A Message from Our CEO
Last month I talked about the importance of increasing access to treatment and doing whatever we can to save lives. In order to do so, we must provide people with all evidence-based treatment options available, including medication-assisted treatment (MAT).
Although medications have been used to treat opioid withdrawal and addiction for decades, there is resistance among the treatment community and patients. According to the American Society of Addiction Medicine, only 30% of treatment programs nationwide offer MAT and less than half of eligible patients receive medication in treatment programs.
I believe we have an obligation to offer MAT to our recoverees because it’s the best option for sustained recovery. In fact, studies show that 90% of people in recovery for opioid addiction will relapse within the first year without one of the approved MAT medications. It’s important to note—medication assists treatment— it is not a cure. Recovery is an active process that requires psychosocial and recovery supports. In addition to medication, individuals must learn skills to cope with life and regulate themselves and their mood without substances in order to succeed in recovery.
What is Medication-Assisted Treatment?
MAT is the use of medications, in conjunction with counseling and other behavioral therapies, to treat substance use disorders and prevent overdoses. The most common medications used for MAT are methadone, buprenorphine and naltrexone. Methadone and buprenorphine both suppress opioid withdrawal and reduce cravings by acting on the opioid receptors in the brain, without producing euphoria. Naltrexone works differently; it controls withdrawal and cravings by blocking the receptors, eliminating the euphoric effects of opioids.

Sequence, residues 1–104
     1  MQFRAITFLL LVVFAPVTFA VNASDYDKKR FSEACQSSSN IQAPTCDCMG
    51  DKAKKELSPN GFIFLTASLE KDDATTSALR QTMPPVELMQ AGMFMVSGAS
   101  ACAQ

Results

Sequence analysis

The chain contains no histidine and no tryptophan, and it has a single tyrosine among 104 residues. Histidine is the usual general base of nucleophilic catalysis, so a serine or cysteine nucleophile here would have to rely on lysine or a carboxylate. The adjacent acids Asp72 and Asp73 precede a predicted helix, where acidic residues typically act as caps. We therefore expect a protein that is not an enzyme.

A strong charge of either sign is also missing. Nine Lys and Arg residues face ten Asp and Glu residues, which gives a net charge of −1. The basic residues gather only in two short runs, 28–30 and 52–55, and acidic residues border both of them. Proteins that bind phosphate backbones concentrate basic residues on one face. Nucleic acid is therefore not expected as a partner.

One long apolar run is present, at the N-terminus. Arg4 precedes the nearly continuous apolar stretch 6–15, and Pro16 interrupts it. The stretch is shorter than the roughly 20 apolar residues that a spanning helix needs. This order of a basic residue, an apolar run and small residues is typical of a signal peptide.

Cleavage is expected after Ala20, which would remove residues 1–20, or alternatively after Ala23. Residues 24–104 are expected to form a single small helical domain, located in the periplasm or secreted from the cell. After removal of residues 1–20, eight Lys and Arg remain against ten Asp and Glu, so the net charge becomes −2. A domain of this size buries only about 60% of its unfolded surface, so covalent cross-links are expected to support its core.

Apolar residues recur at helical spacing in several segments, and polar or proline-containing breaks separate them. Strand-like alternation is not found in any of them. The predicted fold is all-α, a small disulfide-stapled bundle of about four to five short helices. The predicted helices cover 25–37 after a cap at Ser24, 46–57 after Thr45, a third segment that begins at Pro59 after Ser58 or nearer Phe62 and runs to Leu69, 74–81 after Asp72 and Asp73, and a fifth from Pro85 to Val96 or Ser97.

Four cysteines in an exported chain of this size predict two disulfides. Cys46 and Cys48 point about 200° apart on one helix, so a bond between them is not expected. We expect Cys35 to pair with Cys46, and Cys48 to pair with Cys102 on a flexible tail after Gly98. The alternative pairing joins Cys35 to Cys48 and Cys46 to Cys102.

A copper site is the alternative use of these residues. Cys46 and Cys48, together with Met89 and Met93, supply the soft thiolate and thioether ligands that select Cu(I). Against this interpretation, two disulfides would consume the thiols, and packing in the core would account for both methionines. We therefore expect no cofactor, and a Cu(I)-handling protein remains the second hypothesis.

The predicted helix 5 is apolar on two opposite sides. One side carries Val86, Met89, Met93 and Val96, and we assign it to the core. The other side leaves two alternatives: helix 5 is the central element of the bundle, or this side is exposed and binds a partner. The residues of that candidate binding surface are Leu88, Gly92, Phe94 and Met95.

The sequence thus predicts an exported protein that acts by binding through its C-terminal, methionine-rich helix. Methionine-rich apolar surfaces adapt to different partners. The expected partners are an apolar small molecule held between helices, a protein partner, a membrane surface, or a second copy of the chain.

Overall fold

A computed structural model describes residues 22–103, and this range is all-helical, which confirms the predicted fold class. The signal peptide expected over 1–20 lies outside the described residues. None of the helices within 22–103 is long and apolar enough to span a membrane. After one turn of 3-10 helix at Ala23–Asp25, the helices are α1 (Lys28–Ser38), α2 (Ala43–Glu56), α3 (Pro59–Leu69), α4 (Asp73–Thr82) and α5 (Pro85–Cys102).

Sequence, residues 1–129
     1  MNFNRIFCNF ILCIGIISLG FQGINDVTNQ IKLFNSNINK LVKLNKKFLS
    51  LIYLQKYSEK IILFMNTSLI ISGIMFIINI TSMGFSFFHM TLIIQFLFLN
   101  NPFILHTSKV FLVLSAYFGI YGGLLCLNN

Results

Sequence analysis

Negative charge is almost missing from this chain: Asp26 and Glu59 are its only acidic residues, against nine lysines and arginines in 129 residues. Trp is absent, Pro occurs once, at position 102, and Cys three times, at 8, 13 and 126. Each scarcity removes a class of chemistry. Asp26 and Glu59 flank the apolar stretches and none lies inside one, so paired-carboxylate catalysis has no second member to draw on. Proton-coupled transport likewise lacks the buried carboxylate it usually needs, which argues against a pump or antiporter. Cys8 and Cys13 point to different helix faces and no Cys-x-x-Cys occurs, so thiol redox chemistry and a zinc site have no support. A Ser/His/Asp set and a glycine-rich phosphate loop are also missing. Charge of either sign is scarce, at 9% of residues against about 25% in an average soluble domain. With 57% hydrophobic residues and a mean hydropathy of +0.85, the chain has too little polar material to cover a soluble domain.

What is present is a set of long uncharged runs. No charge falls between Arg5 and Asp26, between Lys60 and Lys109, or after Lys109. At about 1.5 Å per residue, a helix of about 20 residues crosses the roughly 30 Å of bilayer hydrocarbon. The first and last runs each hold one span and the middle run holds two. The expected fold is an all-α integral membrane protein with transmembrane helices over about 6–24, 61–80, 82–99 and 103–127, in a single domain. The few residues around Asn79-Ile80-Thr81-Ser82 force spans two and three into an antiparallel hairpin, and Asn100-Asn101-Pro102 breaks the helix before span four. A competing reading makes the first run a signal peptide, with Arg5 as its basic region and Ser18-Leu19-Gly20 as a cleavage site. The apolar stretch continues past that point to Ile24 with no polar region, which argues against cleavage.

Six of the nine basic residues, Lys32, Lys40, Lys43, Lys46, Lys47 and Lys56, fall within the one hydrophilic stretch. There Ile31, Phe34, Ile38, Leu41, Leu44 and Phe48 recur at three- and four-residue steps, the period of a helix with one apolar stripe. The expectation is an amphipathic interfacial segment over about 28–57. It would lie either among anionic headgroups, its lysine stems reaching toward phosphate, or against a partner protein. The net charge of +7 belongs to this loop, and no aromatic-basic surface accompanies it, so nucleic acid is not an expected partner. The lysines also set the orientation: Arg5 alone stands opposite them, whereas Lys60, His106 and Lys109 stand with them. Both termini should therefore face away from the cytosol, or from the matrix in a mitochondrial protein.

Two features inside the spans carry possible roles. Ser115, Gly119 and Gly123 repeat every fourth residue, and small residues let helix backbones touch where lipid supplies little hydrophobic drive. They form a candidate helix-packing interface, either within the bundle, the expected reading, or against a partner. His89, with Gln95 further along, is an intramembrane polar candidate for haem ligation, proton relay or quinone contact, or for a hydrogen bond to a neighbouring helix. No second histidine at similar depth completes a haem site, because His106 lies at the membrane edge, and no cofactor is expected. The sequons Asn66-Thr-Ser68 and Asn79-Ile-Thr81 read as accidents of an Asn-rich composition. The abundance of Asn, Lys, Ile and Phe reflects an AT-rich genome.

Benefits of Using Medication-Assisted Treatment
Overdose deaths have steadily risen over the past 40 years, as noted in Science Magazine, which has forced us to rethink treatment approaches. As a result, more people are coming to understand the value of MAT and the role it can play in a person’s recovery.
In 2012, the prominent addiction organization, Hazeleden, realized the benefits of MAT and incorporated it into their treatment facilities. More recently, a New York Times article profiled a Tennessee-based facility whose leadership incorporated MAT into their program.
Research has shown, when used at the prescribed doses, these medications don’t produce a high in recoverees; instead, they allow the person to function normally and increase the likelihood that they will remain in a treatment program. Additionally, the use of these medications reduces the risk of infectious diseases and criminal behavior associated with drug use. It also improves the chances that a person will be able to gain and maintain employment.
As I have said before, at Liberation Programs, we do whatever we can to save lives. We understand that MAT plays an important role in recovery. I am happy to see that attitudes are shifting and becoming more accepting of this proven treatment. Many lives can be saved when we work together to decrease the stigma associated with MAT and educate people about its benefits.
John Hamilton, LMFT, LADC
President and Chief Executive Officer